It’s the kind of story that keeps parents up at night. After Anne and Marco Conti’s babysitter cancels at the last minute, the couple argues about what to do. Anne wants to cancel their dinner date next door. Her neighbor Cynthia has made it very clear their six-month old daughter Cora is not welcome. Marco convinces Anne to go anyway. They’ll bring the baby monitor. They’ll check on their daughter every thirty minutes. She’ll be fine.
Annie, wine-drunk, struggling with postnatal depression and watching her husband flirt with her hot-ass neighbor wants to leave after a few hours. It was a mistake to leave Cora. It keeps churning around in her head: What kind of mother would leave her child? She finally convinces Marco to leave and they come home to a slightly ajar door. Marco suggests she forgot to lock it. “After all” he points out (dickishly) “you have been drinking.” Of course, she didn’t leave the door open. They get to the nursery and the crib is empty. Cora is missing.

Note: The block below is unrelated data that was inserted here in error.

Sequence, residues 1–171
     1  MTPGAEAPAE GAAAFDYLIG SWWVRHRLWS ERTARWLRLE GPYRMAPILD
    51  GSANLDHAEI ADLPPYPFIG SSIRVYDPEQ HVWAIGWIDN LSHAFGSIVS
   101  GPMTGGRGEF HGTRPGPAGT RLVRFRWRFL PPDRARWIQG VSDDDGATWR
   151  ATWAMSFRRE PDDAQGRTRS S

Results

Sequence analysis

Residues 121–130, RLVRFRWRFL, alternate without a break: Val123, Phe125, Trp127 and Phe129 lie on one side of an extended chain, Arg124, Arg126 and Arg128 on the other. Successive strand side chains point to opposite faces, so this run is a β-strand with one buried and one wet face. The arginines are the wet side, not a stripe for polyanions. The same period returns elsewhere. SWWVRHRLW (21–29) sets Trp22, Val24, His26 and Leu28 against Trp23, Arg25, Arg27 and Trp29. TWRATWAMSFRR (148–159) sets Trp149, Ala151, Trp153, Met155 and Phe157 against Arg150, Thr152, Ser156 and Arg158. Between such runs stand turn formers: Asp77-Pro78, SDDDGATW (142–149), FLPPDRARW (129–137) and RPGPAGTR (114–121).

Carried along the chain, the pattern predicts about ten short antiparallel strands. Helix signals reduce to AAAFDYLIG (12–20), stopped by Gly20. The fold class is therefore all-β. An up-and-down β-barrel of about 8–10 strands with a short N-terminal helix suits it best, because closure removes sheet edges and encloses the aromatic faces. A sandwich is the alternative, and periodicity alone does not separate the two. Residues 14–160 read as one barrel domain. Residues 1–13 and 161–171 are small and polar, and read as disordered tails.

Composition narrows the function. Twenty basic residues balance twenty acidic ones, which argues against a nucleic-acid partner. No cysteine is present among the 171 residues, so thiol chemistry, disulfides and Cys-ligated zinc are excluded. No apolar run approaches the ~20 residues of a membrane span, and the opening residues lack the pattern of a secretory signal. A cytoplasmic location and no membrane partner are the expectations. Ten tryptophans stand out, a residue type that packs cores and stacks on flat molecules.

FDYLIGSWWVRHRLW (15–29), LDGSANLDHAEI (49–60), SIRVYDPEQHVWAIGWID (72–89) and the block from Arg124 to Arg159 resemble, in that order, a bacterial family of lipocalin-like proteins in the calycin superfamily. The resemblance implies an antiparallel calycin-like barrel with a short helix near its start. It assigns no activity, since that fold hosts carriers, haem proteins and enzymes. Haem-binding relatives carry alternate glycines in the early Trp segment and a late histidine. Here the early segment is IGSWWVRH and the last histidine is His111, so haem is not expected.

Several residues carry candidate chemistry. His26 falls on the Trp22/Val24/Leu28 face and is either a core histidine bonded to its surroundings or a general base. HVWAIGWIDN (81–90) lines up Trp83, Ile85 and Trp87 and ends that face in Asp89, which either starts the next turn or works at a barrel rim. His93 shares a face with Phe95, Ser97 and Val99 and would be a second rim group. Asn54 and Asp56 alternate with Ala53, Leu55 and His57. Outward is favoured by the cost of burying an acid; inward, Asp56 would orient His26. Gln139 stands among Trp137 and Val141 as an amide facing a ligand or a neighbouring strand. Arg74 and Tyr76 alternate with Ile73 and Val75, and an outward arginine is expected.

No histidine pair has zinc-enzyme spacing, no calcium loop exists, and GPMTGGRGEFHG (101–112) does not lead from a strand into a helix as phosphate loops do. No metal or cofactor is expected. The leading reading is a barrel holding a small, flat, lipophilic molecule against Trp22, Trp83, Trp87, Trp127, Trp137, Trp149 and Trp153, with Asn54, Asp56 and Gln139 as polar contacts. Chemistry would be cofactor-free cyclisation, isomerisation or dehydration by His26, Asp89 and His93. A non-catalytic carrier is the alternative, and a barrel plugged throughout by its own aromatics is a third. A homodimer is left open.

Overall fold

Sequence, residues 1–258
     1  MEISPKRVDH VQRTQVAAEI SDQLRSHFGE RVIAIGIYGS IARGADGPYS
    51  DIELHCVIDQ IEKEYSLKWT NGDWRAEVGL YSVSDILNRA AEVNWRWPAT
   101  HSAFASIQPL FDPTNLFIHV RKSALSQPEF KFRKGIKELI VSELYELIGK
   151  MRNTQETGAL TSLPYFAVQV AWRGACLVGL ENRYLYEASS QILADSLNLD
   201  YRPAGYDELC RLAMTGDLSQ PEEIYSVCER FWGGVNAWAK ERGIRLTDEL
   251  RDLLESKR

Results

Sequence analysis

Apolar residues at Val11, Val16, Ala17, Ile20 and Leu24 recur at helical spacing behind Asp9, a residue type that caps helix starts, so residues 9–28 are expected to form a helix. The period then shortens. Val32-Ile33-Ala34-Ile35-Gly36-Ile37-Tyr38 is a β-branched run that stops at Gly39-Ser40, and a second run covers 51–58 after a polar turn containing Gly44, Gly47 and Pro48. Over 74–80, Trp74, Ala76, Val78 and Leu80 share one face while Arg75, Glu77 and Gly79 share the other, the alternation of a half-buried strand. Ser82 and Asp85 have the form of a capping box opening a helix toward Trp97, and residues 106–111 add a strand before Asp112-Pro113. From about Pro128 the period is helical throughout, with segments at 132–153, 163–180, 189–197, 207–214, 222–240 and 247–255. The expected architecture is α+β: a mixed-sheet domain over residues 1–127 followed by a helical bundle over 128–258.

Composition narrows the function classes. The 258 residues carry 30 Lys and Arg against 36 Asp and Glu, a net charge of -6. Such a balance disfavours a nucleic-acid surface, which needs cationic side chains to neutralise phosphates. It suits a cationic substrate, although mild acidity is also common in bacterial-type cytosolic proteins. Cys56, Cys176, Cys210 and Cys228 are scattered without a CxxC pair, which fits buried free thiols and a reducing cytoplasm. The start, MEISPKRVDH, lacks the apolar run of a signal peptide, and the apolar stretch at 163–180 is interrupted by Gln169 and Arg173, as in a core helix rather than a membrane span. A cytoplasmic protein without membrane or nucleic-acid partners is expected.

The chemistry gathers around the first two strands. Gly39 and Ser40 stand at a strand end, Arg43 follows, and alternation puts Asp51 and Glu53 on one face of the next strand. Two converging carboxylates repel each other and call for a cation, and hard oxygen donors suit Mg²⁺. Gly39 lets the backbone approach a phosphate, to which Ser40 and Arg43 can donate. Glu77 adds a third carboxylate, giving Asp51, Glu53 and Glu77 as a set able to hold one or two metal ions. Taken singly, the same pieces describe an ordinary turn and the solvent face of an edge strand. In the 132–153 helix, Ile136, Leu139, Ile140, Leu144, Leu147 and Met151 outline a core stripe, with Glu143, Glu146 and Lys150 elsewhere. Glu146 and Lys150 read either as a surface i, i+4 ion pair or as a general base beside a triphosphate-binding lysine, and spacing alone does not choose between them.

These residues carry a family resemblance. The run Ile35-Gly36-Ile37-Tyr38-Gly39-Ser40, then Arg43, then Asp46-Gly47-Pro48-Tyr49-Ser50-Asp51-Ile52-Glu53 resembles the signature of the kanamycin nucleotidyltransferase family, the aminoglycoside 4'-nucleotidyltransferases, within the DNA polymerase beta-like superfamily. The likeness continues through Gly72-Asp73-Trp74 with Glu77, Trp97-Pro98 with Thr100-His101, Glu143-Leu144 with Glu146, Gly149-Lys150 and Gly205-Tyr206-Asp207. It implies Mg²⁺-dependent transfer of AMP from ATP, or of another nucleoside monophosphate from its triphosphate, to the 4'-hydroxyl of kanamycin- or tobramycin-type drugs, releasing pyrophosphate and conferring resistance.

All of this happens in the first chapter. Detectives come pouring in, discovering unidentified tire tracks in the garage and a disabled motion detector. They can’t find any evidence anyone else was in the house and the Conti’s soon find themselves under suspicion. Throw in some weird neighbors, Romney-rich in-laws and of course…SECRETS. Gotta have your secrets.
The book was captivating for awhile, but eventually became unbearably boilerplate. In my boredom, I started playing Thriller Bingo, looking for all of the tropes on display. Missing child? Check. A police force that couldn’t investigate its way out of an Encyclopedia Brown book? Check.The couple that seems to have it all? Check (also, can we put that tired concept to rest? No one has it all, and if your book’s synopsis starts with that sentence, I reserve the right to hide your book in the arts and craft section of my local library). Mousy woman struggling with basic human tasks? Check. Dumbass husband in over his head? Checkaroo…oh Marco, you bad boy.
But my biggest problem with “The Couple Next Door” wasn’t that it was derivative. Rather, this book deteriorated as it went on, culminating in a ludicrous finale that comes out of nowhere. No spoilers, but the last chapter simply makes no fucking sense.
To sum up: “The Couple Next Door” was trashy but not the fun kind of trashy. The characters were unlikable but not the fun kind of unlikable. The twist endings were fucking nuts but definitely not the fun kind of fucking nuts. This book is like if Lifetime took itself seriously. And no one wants that.